One of the most ancient alcoholic beverages known to humankind, mead is the stuff of romance and legend. As Charlie Papazian wrote in his essential The New Complete Joy of Homebrewing, “the ancient Greeks, Romans, Egyptians, Scandinavians and Assyrian people procured this legendary drink as a vehicle for saturnalian revelry unmatched today.” Papazian notes that both the Aztecs and Incas also held a reverential attitude toward the honey-based drink.
And mead is inextricably entwined with the origins of a worldwide cultural tradition. A brief essay (“Mead and the Honeymoon”) on meadist.com explains: “Mead was often consumed during the wedding celebration as a toast to the bride and groom. After the wedding the couple was given enough mead to continue the toasting for … one cycle of the moon — hence the term ‘honeymoon.’”
But mead’s appeal extends beyond the first month of wedded bliss. Still, while the do-it-yourself nature of most every form of spirit evolved into a commercial industry, mead-making is among the last to go mainstream. In some ways, that’s surprising, because mead is among the simplest of all alcoholic beverages. At its most basic, mead contains a mere three ingredients: honey, water and yeast.
As recently as a decade ago, finding a commercial meadery in Western North Carolina would have been exceedingly difficult. But right along with the growth of interest in beer and craft cocktails, mead-making has gained a foothold in the region; today, there are more than a dozen meaderies in the state. And things have changed greatly since 1984, when Papazian asserted, “If you can find commercially made mead, it’s likely to be sweet, old and stale, smelling like wet cardboard or old garbage.”
The craft mazers (mead-makers) at the select meaderies in or near Asheville would certainly take issue with that dated assessment. Today’s mead is made with great care, producing a drink that offers spectacular subtlety.
If you’ve never tried mead, consider this: It tastes like honey without the sweetness (if you can imagine such a thing). “Though there is a lot of bad mead, apparently, being given out at Renaissance fairs,” says David Bowman of Black Mountain Cider & Mead.
His wife, Jessica Bowman, is the resident mazer, and she agrees that mead has to overcome some preconceived notions: “People who come in either love mead, or they’re like, ‘I had a bad mead once. I’m not sure about this.’”
Mead typically has about 6% or 7% ABV — just a bit higher than lager beers. As a result, in the British Isles, mead developed a somewhat dodgy reputation. “It got the connotation that when people drink it, they fight,” Jessica says with a chuckle. (A typical porter or stout has roughly the same ABV as mead; wines are higher still.)
Because they’re served on tap, Black Mountain’s meads have a slight effervescence. Aged for about three months, they remain intentionally simple concoctions. “We don’t filter or clarify or anything, and we don’t pasteurize,” says David. “Sometimes meads are like children. Some are going to take care of themselves; others need more attention.”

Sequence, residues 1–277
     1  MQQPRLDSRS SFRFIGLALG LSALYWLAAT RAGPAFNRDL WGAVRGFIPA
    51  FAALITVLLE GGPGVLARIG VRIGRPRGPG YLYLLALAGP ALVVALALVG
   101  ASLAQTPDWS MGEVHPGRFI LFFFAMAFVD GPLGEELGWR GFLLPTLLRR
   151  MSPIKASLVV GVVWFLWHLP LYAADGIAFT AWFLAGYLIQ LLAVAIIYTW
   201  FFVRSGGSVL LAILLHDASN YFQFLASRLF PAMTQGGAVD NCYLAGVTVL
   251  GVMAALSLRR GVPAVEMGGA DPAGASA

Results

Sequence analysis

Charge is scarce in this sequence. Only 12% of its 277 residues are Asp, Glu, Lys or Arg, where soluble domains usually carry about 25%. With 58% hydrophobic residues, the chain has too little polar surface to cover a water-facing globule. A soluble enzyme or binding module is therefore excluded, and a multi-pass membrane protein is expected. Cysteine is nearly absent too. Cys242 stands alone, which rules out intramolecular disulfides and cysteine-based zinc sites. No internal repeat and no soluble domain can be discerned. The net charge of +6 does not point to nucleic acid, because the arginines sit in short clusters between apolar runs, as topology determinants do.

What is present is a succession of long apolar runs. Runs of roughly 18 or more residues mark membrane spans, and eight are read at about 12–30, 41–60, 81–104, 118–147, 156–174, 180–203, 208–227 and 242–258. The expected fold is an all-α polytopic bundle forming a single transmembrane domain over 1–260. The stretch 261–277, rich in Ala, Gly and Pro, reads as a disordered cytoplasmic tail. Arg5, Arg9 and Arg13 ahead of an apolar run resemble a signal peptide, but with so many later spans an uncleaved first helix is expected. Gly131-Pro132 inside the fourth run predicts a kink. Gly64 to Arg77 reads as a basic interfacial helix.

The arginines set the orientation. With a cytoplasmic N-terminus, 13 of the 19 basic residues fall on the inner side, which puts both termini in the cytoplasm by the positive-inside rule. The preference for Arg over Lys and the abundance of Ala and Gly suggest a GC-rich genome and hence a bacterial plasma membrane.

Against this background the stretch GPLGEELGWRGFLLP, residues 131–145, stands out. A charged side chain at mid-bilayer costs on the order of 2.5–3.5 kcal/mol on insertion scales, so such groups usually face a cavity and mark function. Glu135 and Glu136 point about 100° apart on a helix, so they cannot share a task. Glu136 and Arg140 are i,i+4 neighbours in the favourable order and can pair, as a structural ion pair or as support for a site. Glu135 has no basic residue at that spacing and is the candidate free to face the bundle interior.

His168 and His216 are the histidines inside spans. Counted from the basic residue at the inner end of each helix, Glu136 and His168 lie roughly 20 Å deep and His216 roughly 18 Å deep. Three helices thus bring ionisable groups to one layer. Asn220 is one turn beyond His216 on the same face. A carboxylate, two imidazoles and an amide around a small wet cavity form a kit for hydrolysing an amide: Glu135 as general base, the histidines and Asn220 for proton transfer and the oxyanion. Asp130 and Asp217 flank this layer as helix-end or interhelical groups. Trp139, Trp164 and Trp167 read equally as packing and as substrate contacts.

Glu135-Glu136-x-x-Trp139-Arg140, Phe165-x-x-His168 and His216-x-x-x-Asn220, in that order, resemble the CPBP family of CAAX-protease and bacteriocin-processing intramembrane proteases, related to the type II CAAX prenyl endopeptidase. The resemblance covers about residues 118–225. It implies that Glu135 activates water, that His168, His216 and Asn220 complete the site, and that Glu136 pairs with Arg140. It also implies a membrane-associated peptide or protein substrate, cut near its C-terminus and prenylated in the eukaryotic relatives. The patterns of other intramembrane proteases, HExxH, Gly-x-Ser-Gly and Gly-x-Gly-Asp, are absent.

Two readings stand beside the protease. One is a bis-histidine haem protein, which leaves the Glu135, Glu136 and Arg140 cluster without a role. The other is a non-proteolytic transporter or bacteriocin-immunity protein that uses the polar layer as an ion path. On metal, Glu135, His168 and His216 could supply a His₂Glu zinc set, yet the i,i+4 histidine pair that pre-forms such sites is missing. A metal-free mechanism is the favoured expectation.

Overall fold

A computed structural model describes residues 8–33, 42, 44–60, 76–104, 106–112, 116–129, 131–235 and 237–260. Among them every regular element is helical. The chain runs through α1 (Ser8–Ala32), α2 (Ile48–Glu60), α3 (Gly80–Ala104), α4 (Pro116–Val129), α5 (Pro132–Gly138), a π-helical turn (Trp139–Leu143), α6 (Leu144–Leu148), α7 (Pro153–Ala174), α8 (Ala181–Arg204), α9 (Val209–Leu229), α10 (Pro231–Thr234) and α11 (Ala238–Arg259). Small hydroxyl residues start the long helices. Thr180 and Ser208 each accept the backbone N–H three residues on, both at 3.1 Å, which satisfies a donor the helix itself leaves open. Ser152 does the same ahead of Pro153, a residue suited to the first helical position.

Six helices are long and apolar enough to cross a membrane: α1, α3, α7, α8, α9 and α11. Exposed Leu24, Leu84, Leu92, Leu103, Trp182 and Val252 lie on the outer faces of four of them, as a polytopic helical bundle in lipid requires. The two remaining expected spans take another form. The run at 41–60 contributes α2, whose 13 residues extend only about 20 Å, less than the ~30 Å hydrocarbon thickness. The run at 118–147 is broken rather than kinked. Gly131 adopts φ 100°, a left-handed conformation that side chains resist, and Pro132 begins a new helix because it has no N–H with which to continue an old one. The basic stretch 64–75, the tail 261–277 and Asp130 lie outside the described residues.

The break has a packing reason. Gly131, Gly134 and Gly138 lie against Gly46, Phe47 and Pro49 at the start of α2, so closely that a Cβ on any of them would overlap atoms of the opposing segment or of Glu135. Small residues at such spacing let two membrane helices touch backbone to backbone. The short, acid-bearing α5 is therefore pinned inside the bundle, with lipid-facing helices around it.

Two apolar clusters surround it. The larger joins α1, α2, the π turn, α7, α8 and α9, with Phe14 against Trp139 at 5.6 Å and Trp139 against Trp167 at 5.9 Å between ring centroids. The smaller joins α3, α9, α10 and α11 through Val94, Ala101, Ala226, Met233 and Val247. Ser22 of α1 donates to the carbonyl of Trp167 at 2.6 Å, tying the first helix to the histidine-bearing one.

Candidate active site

Jason Russ of Fox Hill Meadery started out making beer at home in the mid-1990s and considered opening a brewery. Becoming bored with what he describes as “the 10 millionth IPA,” he decided he wanted to do something different. “Then I discovered mead,” he says. “And I was like, ‘This is more interesting; I like the history of it.’”
Russ takes a high-end approach to mead-making. His small facility is 20 minutes’ drive outside Asheville, beyond Leicester, and it’s very nearly a one-person operation.
Whenever possible, WNC mazers source their honey locally. But it’s not always practical. “When you’re buying 2,000 to 3,000 pounds of honey at a time, not everybody can supply you,” Russ says.
For his meads, he prefers darker honeys. “I like the caramel, earthy flavor,” he says. The Bowmans select from a wider range, depending on the type of mead they want. “Wildflower and clover honeys are our two go-to’s,” says Jessica. “But we sometimes use sourwood because that’s special to this area.”
While a simple, straightforward mead is delightful, mazers often apply their creativity in developing flavored varieties. Fox Hill offers blackberry, ginger-apricot and peach flavors, along with a special reserve made with buckwheat honey that has a character “very reminiscent of port or sherry,” Russ says. Fox Hill’s meads are available in 750-milliliter bottles, sold in many local wine shops.
The Black Mountain mead makers explore a wider palate; among the most notable are Viking Blood (clover blossom honey and cherry, aged in oak) and The Privateer (blueberry mojito-flavored). And while it’s currently unavailable, the Bowmans say their patrons rave about a pistachio mead. “As far as I can tell,” David says, “Jessica invented the idea of a nut mead.” Their varieties are made in comparatively small quantities — typically 15-31 gallons — so any given flavor might run out within days of being made available.
Black Mountain Cider & Mead hasn’t yet moved into the retail world; its meads are currently available only on tap. But that will soon change. “We just got a little canning machine,” Jessica says, “so we’re going to can both cider and mead.”
But the Bowmans still face a serious challenge. “We’re still working out which meads should be in the cans,” Jessica says. “There are so many.”